Reliving Star Wars Memories

Ralph McQuarrie concept painting for Star Wars copyright Lucasfilm, Ltd.
When it comes to something like Star Wars fandom, you may think you know all the stories. Craig Miller’s book proves there’s still more to be told, and in some cases, rediscovered. Working as Lucasfilm’s Director of Fan Relations in the years of A New Hope (before it WAS that) and The Empire Strikes Back, Craig was on set for memorable moments, helping orchestrate a lot of marketing and publicity. To keep Star Wars alive in people’s hearts, Lucasfilm needed Craig Miller, and with his book Star Wars Memories: My Time in the (Death Star) Trenches, Miller pulls back the curtain on a golden time in Star Wars fandom.
For years, I’d read and repeated some of these stories. Craig Miller lived them.

The book dispels some myths, uncovers a secret or five, and revives interviews that Craig did for the official Star Wars fan club magazine, Bantha Tracks. (There are interviews with Mark Hamill and Harrison Ford from 1978 that are amazing from the perspective of 2019.) Miller also includes photos of rare memorabilia and posters, some that he helped design and all that caused a flood of memories for me — and it’s interesting to realize that for the most part, even after the release of Star Wars, nobody really knew how intense the demand was.

As a bonus, Miller has some great candid behind-the-scenes photos both on set and from publicity tours. It’s possible that some of them have never been published before. As he points out, he’s seen variations on some that were taken around the same time, but what he uses here are from his personal archive.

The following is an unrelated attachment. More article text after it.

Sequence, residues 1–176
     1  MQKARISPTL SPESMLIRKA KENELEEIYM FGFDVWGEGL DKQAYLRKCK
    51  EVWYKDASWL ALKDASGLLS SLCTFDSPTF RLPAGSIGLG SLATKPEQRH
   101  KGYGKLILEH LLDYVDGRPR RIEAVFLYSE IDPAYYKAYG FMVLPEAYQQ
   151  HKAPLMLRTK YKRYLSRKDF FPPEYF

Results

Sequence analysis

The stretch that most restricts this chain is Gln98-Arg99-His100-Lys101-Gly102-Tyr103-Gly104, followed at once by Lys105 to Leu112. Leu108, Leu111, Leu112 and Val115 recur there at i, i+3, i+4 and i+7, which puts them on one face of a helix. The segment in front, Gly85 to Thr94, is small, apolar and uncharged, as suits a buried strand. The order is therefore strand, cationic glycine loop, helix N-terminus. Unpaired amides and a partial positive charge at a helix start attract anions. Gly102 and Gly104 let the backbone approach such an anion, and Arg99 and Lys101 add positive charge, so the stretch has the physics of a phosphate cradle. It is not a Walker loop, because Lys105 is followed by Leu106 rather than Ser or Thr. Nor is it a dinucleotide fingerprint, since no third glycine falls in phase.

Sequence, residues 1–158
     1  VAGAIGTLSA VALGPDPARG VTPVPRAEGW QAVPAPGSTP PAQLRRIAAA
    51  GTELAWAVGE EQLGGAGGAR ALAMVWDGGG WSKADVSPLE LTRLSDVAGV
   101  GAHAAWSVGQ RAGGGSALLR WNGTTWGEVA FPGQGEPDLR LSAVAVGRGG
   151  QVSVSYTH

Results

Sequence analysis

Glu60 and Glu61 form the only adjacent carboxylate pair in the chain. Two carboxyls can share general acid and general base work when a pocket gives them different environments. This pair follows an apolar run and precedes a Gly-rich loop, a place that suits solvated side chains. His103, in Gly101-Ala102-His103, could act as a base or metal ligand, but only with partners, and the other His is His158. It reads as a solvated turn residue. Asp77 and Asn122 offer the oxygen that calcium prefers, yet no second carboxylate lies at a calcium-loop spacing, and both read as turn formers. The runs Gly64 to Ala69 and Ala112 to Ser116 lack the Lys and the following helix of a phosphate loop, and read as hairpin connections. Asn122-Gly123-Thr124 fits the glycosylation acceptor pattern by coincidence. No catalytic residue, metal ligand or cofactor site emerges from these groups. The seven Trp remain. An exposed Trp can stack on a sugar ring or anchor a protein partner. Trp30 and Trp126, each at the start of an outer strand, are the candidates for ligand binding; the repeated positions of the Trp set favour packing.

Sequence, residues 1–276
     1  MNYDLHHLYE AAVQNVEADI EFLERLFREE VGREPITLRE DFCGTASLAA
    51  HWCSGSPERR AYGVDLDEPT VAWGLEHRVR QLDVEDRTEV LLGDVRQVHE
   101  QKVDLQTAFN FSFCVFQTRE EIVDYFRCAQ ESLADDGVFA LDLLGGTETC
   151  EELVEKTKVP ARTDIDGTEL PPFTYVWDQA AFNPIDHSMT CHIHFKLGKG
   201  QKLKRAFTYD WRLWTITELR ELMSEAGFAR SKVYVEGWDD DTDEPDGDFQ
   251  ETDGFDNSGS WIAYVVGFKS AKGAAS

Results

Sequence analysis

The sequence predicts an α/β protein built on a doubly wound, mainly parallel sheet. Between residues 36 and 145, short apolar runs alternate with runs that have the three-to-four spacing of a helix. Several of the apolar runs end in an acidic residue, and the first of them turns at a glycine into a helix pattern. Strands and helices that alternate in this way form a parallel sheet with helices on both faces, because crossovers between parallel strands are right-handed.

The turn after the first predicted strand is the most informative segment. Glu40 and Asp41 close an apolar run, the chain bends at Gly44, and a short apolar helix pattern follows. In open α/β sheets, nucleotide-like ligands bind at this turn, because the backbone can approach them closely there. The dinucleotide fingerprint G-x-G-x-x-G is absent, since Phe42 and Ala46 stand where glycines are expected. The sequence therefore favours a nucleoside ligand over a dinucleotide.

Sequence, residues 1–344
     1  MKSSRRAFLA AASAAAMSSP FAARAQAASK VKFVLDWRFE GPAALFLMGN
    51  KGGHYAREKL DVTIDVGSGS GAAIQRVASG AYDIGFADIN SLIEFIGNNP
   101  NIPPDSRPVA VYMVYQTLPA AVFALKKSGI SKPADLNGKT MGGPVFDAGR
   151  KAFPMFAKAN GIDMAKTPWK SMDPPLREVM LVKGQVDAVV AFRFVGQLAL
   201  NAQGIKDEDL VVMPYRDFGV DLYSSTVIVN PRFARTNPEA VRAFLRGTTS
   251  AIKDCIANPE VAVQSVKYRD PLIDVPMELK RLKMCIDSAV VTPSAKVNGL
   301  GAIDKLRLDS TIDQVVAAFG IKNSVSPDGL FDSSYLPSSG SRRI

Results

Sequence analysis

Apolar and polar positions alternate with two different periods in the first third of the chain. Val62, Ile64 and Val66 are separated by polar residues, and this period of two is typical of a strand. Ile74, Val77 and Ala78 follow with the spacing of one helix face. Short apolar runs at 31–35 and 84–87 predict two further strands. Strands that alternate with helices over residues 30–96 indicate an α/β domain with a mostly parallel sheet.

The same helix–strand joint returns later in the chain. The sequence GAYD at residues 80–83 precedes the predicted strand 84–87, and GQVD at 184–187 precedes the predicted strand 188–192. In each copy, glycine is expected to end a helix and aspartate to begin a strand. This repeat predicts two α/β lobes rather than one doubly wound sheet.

For people IN fandom, this book provides a great view into conventions as they were in the 1970s. It’s a far cry from today, providing an unavoidable disappointment to the book: Craig and his team didn’t know that they were part of film history; they were promoting movies and reaching out to fans. There are very few actual records of those presentations and panels — the photos included with these memories are what still exist, but they’re sparse. It’s heartbreaking realizing there was a Worldcon display in 1979 that nobody from Lucasfilm thought to photograph for the archives. Who knew that we’d be hungering for a glimpse today?

An early Comic-Con presentation copyright Lisa Morton

Star Wars Memories delivers exactly what it promises. It’s like sitting down with Craig and listening to him tell stories, sometimes in chronological order, and sometimes in a “oh, hey, you’ll find this interesting” way. It is interesting, and makes for a fun read, easy to take in small anecdotes or just binge through them all, then go back and re-read an interview or two.

Craig went on to work on marketing several other classic science fiction and fantasy films in the 80s, so I join the crowd of voices asking for a follow up book beyond Star Wars.

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About Derek McCaw
In addition to running Fanboy Planet, Derek has written for ActionAce, Daily Radar, Once Upon A Dime, and The Wave. He has contributed stories to Arcana Comics (The Greatest American Hero) and Monsterverse Comics (Bela Lugosi's Tales from the Grave). He performs with ComedySportz San Jose and ShakesBEERience, in addition to occasional screenwriting and acting jobs. If you ever played Eric's Ultimate Solitaire on the Macintosh, it was Derek's voice as The Weasel that urged you to play longer. You can buy his book "I Was Flesh Gordon" on the Amazon link at the right. Email him at editor@fanboyplanet.com.